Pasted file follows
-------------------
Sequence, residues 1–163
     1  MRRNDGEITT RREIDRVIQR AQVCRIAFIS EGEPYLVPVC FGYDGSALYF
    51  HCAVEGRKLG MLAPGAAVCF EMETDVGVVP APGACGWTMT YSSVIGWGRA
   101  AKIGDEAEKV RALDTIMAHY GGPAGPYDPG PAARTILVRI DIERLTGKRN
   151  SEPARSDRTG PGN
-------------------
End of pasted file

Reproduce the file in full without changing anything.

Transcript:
Sequence, residues 1–163
     1  MRRNDGEITT RREIDRVIQR AQVCRIAFIS EGEPYLVPVC FGYDGSALYF
    51  HCAVEGRKLG MLAPGAAVCF EMETDVGVVP APGACGWTMT YSSVIGWGRA
   101  AKIGDEAEKV RALDTIMAHY GGPAGPYDPG PAARTILVRI DIERLTGKRN
   151  SEPARSDRTG PGN